During their discussion after the credentials-presenting ceremony, Ambassador Unga and Crown Prince Vajiralongkorn discussed Estonia-Thailand bilateral relations. Both parties emphasised that relations between the nations have a long history and are good, although reciprocal contacts in economics, tourism, culture and education should be developed further. Ambassador Andres Unga passed greetings from President of Estonia Toomas Hendrik Ilves along to the crown prince, and Crown Prince Maha Vajiralongkorn sent his best wishes to the Estonian president and Estonian people on behalf of the King of Thailand.
The development of bilateral relations was also discussed in a meeting with Thai Foreign Minister Kasit Piromya prior to the credentials-presenting ceremony. Questions of visa freedom were among the topics addressed. Ambassador Unga expressed satisfaction over the fact that Estonia and Thailand are coming to an agreement in this matter. “Thailand is one of the most popular destinations in Asia for Estonians, and hopefully soon Estonian citizens will be able to travel there without a visa,” said Ambassador Unga. The ambassador also noted that in response to Estonians’ increased interest in travelling to Thailand, Estonia feels it is essential to expand its network of honorary consuls there. “The second Estonian honorary consul in Thailand will begin working soon in Phuket,” added the ambassador.
Other topics discussed at the meeting were developing Estonia-Thailand economic relations and strengthening business ties. Ambassador Andres Unga stated that concluding an agreement for the avoidance of double taxation would surely help to intensify economic ties. They agreed at the meeting that relations between the countries would also be enlivened by reciprocal high-level visits and meetings, as well as intensifying contacts on the working level. “A good opportunity for intensifying contacts would certainly be establishing regular political consultations between the foreign ministries of Estonia and Thailand,” Unga emphasised.
Andres Unga was born in 1966 in Viljandi. He graduated from Tallinn University of Technology and the Estonian School of Diplomacy in 1991. After graduating from university, Unga went to work in the protocol department of the Ministry of Foreign Affairs, and stayed in that department until 1996 as a deputy director, director and then director general. From 1996 to 2000, Unga was the ambassador to Sweden, and after that he worked as the director general of the Ministry’s human resources department. From 2003-2007 Andres Unga was the ambassador to Greece. From 2004-2007 he was the non-residing Estonian ambassador to Cyprus and from 2003-2008 he was the non-residing ambassador to Armenia. Unga has been the ambassador to China since 2007. Since 2008 he is also the non-residing ambassador to Vietnam. Unga speaks English, Russian and Swedish. The ambassador resides in Beijing.
Paet: Estonia in Favour of Development of Well-Functioning European Union Foreign Service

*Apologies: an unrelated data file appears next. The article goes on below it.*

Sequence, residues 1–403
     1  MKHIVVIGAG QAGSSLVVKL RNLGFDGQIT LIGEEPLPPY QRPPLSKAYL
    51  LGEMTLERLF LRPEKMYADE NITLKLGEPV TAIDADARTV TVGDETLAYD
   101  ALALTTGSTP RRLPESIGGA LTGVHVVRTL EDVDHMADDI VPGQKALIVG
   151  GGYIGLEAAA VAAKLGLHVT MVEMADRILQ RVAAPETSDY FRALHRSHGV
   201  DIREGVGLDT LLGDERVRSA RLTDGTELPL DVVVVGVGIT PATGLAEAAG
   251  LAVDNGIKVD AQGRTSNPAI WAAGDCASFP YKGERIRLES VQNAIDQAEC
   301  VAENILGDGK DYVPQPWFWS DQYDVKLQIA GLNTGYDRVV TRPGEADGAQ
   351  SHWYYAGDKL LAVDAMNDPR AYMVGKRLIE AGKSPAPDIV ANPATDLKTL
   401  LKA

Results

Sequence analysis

13 October - Foreign Minister Urmas Paet spoke to his Dutch, Belgian, Luxembourgish, Latvian and Lithuanian colleagues about European Union development during a meeting in Vilnius. Foreign Minister Paet stated that Estonia desires the development of a strong and wide-reaching European Union foreign service. “Estonia is interested in the European Union’s foreign service being able to function more productively and effectively in all of Europe’s foreign policy fields. The visibility and added value of the European Union’s foreign service would also be increased by adding consular protection functions,” Paet emphasised. Foreign Minister Paet added that it is also important to ensure that diplomats from all member states will be represented in the European Union foreign service right from the initial stages.
The foreign ministers also addressed the European security situation at the meeting. Foreign Minister Paet emphasised that the preparation of the NATO strategic concept also plays a role in European Union security issues. Foreign Minister Urmas Paet stated that working out the new NATO strategic concept must increase the unity of the alliance. “The new strategic concept must be based on the principle of collective defence, and it must clearly represent NATO’s visibility, trustworthiness, and abilities,” said Paet. Foreign Minister Urmas Paet also asserted how important close co-operation between the EU and NATO is.
In speaking about issues related to European Union enlargement, the foreign ministers expressed their satisfaction that new chapters were finally opened in the accession negotiations with Croatia so that negotiations can continue.
Estonian Ambassador to Poland Presents Credentials
9 October - Estonian Ambassador to the Republic of Poland Taavi Toom presented his credentials to Polish President Lech Kaczyński.
In the discussion following the credentials-presenting ceremony, Ambassador Taavi Toom and Polish President Lech Kaczyński talked first and foremost about bilateral relations, agreeing that they are in very good standing. Ambassador Toom passed greetings from President of the Republic of Estonia Toomas Hendrik Ilves along to the Polish president.
During their meeting they also talked about co-operation within the European Union and NATO. The Estonian ambassador stated that the Polish president said he plans to sign the Treaty of Lisbon tomorrow, which would conclude the ratification process in Poland. “It is essential that the Treaty of Lisbon, which will make the European Union more effective and more democratic to the benefit of all member states and citizens, comes into effect soon,” said Ambassador Taavi Toom.
Another topic addressed was opportunities to intensify Estonia and Poland’s economic and trade relations. “Poland is still one of Estonia’s biggest foreign trade partners in Central Europe, and the development of economic and trade relations would be further facilitated by well-built transportation connections,” said Ambassador Toom.